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I am using VS2005 with a C# test project and TypeMock version Using a [TestInitialize] function, each test in the test project creates some dynamic mock objects that for the units under test to interact with. One of the objects is only mocked on the first test. For each test thereafter, a method called on the object attempts to execute the real code which throws an exception because its dependents are not present.

Moving to the disassembly window, I discover code apparently placed there by TypeMock. During the first test, this code prevents the body of the function from executing. On the second test, it decides to execute the real function instead. The code snippet making this decision is presented here:
00000012 push dword ptr ds:[02330044h]
00000018 push 0
0000001a mov edx,dword ptr ds:[0232FF20h]
00000020 mov ecx,esi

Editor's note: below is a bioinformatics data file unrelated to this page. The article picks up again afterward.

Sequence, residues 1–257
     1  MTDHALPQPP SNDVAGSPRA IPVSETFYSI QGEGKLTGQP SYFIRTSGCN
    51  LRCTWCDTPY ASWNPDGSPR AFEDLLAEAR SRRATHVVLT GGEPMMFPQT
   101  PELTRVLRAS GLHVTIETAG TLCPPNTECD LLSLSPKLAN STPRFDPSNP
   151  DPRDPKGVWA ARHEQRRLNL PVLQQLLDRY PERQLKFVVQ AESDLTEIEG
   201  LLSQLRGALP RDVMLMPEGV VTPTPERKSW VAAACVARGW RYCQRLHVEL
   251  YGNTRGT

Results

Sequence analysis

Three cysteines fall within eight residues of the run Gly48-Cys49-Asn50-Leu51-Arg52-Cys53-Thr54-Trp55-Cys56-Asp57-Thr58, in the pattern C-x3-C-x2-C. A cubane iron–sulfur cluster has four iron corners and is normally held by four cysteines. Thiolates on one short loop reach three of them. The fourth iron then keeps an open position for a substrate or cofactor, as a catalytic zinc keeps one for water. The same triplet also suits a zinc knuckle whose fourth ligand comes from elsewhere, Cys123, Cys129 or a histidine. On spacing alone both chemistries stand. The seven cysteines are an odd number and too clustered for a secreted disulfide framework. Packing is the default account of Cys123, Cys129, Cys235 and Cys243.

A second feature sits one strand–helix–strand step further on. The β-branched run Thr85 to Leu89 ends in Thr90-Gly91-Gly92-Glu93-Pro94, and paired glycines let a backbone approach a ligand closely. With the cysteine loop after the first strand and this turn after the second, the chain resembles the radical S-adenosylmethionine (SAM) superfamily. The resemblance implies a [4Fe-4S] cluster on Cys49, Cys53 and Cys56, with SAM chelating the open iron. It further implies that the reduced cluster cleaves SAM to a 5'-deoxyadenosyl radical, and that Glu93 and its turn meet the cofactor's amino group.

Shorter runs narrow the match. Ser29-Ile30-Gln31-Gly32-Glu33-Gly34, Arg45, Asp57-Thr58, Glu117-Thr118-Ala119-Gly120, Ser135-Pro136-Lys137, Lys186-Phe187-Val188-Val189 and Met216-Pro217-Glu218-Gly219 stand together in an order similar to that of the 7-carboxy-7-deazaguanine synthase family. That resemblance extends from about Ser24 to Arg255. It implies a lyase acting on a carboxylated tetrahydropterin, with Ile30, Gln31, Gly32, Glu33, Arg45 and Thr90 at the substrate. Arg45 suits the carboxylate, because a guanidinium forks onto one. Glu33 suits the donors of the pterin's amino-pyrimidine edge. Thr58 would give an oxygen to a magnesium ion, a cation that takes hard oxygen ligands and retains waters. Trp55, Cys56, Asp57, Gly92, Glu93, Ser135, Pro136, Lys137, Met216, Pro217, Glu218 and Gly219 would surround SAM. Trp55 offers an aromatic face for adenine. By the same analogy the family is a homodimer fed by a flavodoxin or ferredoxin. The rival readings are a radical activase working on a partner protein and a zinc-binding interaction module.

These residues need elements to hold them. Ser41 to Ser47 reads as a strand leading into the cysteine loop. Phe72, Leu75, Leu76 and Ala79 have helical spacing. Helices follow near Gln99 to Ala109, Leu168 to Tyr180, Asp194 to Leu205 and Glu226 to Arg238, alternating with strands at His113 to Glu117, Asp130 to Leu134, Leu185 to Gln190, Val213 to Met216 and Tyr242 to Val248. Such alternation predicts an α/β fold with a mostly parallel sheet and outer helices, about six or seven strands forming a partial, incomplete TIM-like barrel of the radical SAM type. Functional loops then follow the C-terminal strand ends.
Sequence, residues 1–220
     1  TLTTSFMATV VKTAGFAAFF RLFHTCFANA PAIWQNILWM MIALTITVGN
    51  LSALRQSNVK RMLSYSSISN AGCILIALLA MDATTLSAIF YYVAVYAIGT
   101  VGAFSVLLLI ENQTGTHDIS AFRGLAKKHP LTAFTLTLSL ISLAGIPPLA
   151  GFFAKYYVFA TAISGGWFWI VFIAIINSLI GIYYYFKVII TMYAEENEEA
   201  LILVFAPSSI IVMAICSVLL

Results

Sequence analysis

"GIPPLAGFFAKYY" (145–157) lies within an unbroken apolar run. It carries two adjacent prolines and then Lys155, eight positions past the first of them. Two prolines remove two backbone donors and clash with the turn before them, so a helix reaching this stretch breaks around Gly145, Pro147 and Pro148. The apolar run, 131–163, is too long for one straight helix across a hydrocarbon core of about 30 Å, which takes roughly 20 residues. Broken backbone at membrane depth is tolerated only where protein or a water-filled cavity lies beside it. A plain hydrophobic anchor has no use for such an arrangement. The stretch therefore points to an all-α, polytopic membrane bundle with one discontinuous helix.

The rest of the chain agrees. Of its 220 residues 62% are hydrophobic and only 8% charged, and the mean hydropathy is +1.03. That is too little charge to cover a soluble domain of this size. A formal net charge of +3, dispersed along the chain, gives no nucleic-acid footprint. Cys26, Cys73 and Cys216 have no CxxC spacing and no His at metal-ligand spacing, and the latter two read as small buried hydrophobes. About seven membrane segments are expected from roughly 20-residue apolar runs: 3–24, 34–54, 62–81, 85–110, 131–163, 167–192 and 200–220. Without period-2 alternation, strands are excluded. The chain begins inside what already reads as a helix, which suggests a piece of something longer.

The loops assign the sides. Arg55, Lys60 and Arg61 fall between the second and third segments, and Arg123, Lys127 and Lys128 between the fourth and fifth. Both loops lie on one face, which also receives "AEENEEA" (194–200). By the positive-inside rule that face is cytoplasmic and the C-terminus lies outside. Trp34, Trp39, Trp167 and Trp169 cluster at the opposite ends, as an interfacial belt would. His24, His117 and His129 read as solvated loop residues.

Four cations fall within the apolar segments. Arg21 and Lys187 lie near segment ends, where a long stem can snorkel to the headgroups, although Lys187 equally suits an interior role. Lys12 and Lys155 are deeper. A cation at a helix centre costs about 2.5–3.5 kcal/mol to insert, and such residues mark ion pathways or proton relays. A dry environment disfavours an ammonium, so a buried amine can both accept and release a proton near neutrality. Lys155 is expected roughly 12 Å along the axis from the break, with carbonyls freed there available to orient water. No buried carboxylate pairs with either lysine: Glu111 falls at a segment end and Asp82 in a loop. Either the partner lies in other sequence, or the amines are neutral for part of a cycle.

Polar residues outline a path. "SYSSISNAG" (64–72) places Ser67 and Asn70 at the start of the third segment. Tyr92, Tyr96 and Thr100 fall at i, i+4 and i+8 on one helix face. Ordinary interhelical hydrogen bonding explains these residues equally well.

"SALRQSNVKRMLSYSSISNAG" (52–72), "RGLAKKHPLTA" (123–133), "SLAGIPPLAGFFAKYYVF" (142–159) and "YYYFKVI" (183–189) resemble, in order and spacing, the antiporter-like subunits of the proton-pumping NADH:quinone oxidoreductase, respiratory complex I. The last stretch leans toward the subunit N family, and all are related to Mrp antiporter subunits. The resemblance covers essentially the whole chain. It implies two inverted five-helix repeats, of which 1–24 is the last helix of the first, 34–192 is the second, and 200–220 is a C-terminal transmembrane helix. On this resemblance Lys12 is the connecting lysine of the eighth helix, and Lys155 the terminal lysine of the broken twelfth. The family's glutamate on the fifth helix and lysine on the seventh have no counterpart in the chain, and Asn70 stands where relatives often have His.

00000022 call FCD233B0
00000027 mov edi,eax
00000029 test edi,edi
0000002b je 00000069

The jump instruction throws it to the real implementation. The only way I have found to get correct behavior is to move the creation of the mocks to the [ClassInitialize] method, i.e. executing only once for the entire test suite. This forces me to move the Init and Verify calls to [ClassInitialize] and [ClassCleanup] respectively. This makes the suite much more difficult to debug although I get correct behavior. Is this expected? Please advise.
asked by stimsonr (2.1k points)

1 Answer

0 votes
10 points for the depth of your debugging :-)

Unless you are using the Enterprise Edition that allows to keep expectations even after Verify(), you have to recreate all your mock object after a Verify().
What you are suggesting is actually not a very good pattern as it will make your test code hard to maintain.

To further understand what instances are getting mocked use the TypeMock Tracer. That will give you a complete understanding of how your mocks are acting.
In any case you can post a small example and that we will be willing to show you the best way to solve this.
answered by scott (32k points)